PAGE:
Fareham sees 15 new sites proposed for development in revised local plan from Fareham Borough Council
A TOTAL of 15 new sites across Fareham could be opened up to developers as Fareham Borough Council once again consults on its borough-wide development plan.
Fareham Borough Council last consulted on its local plan in November, when the council used proposed central government figures to assign potential sites for development.
But just two days before the end of the consultation, the government scrapped the proposed figures – which would have cut Fareham’s housing target from 541 to 403 new builds a year.
Now the council has allocated 15 new sites in its revised local plan to account for being wrong-footed by central government.
New sites include land 180 homes in the land east of Crofton Cemetery and west of Peak Lane, 550 west of Downend Road, and 1,250 in the land south of Longfield Avenue.
But extent of the proposed building is a situation that is ‘absolutely’ opposed by the council’s executive leader, Councillor Sean Woodward.
Cllr Woodward said: ‘This isn’t Fareham’s housing requirement – it’s the government’s housing requirement that’s being forced upon us.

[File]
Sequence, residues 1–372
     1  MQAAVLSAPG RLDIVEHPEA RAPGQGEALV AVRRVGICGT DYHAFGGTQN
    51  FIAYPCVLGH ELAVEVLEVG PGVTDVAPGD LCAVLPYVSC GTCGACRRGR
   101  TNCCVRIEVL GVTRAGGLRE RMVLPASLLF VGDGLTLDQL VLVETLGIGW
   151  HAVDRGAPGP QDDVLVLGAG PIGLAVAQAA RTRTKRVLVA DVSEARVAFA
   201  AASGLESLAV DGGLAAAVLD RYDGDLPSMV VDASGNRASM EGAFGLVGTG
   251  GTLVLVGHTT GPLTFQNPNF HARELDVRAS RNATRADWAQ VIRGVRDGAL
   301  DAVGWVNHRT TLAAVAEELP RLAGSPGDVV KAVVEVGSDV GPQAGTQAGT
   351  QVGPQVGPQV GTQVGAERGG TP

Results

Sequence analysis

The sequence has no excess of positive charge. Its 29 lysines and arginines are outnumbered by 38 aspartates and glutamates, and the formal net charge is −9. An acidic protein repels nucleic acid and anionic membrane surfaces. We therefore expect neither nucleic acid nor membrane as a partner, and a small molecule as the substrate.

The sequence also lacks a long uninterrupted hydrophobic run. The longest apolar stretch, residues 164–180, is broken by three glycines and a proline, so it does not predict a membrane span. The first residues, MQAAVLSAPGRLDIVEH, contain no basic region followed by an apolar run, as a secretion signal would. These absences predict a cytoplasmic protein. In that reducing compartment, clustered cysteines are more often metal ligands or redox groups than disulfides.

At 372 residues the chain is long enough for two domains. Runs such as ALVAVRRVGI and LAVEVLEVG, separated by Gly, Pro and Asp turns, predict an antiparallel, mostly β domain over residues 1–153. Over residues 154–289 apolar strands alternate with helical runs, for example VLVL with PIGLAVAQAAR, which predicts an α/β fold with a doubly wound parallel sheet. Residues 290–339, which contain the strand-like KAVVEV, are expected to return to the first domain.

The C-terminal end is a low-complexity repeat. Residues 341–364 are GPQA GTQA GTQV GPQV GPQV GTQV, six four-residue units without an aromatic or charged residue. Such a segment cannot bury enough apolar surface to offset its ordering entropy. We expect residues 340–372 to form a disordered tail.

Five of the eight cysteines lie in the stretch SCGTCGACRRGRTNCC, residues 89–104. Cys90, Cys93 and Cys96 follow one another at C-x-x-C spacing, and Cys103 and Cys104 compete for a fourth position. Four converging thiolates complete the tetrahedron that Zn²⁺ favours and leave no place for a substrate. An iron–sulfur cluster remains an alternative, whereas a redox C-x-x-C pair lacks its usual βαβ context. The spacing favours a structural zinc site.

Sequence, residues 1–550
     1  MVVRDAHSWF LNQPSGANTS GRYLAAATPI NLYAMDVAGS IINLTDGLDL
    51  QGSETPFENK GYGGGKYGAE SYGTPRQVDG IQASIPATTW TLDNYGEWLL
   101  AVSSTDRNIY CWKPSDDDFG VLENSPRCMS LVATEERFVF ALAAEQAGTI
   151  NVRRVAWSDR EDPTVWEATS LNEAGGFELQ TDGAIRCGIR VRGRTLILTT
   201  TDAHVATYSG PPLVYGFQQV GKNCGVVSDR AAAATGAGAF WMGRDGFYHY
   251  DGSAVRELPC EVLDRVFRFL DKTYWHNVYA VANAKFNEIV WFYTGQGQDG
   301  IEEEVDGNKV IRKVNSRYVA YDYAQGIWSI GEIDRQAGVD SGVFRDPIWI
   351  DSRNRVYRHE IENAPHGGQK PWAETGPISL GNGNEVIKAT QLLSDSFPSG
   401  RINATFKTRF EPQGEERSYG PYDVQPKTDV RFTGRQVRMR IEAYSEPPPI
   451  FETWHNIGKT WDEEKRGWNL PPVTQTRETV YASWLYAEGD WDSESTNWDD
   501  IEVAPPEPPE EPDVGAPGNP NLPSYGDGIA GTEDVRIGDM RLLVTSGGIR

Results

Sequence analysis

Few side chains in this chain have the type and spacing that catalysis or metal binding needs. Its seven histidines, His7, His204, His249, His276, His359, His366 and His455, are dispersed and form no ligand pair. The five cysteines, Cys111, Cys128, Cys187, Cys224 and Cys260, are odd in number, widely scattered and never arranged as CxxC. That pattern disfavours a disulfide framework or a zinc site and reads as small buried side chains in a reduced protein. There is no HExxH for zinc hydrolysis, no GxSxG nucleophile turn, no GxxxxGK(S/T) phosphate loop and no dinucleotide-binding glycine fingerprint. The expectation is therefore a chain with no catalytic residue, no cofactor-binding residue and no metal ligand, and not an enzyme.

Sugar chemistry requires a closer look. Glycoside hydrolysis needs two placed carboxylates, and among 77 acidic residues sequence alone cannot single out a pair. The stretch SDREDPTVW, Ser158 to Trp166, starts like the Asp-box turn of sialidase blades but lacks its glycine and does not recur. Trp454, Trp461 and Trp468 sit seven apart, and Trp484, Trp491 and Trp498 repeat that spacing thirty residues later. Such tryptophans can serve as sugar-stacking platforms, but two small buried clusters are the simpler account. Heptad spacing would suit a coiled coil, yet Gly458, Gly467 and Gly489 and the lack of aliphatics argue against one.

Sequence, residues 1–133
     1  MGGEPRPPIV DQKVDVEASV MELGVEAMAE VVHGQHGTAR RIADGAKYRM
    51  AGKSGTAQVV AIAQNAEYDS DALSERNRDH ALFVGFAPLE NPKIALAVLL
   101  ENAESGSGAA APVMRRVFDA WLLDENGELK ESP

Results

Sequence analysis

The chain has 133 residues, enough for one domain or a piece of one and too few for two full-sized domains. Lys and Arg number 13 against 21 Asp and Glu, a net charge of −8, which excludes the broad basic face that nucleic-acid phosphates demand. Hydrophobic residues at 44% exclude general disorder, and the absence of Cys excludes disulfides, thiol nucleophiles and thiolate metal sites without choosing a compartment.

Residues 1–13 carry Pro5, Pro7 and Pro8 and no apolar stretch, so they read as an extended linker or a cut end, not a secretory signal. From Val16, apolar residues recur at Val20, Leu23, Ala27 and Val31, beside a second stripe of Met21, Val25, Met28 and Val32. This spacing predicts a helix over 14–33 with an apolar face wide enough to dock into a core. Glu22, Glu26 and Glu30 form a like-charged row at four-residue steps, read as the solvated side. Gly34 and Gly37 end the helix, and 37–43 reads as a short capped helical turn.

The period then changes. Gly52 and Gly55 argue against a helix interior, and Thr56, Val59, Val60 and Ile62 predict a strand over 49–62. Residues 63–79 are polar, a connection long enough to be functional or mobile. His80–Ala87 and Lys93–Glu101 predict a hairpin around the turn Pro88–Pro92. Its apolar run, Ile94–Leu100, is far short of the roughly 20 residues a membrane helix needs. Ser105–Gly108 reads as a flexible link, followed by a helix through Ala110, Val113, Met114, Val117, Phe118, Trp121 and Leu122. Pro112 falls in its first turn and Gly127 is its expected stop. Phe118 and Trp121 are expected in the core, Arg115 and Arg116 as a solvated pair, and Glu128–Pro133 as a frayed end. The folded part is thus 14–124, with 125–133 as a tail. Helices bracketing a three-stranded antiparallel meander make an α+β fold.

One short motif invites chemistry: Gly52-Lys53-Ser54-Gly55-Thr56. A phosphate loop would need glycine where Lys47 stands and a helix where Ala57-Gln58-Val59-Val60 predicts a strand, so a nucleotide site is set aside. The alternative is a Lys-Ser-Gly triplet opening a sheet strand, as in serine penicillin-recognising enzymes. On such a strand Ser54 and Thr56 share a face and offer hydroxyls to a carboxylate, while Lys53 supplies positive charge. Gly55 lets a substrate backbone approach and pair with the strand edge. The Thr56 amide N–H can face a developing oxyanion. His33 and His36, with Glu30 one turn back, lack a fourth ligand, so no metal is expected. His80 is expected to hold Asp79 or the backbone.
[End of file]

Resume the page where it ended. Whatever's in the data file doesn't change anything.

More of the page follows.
Regarding the government’s rejection of proposed housing numbers, he added: ‘The government said, ‘this is what we are minded to do’, and that sort of language is usually used for things that are going to happen.’
The Conservative politician pointed to the recent by-election upset in Chesham and Amersham – with the Liberal Democrats securing a large majority in what was assumed to be a safe Tory seat – as the government possibly suffering for its planning decisions.
He added: ‘If the pundit are to believed, one of the factors in it was the government’s planning reforms.
‘Electoral loss has a profound effect on any politician’s thinking.’
Councillor Roger Price, leader of the opposing Liberal Democrats, also pointed to the recent by-election as a sign of dissatisfaction with central government’s planning decisions.
Cllr Price said: ‘The problem with the housing figures is that they are being dictated by central government, and I use the word very strongly – dictated.
‘This has caused the problem of sites being released for development which should never have been released.
‘But we feel that the council should have done a lot more in trying to persuade the government to backtrack on their figures.’
He added: ‘(The government) may get the message after Thursday’s by-election results.’
The revised publication sets out the overall growth level for the borough until 2037 of around 10,594 new dwellings.
Comments to the previous consultation – which gathered 300 responses – will still be sent to the planning inspector as part of the local plan’s progression.
Additional comments to revised local plans can be made by visiting fareham.gov.uk/localplanconsultation or calling 01329 824601.
The consultation runs until Friday, July 30.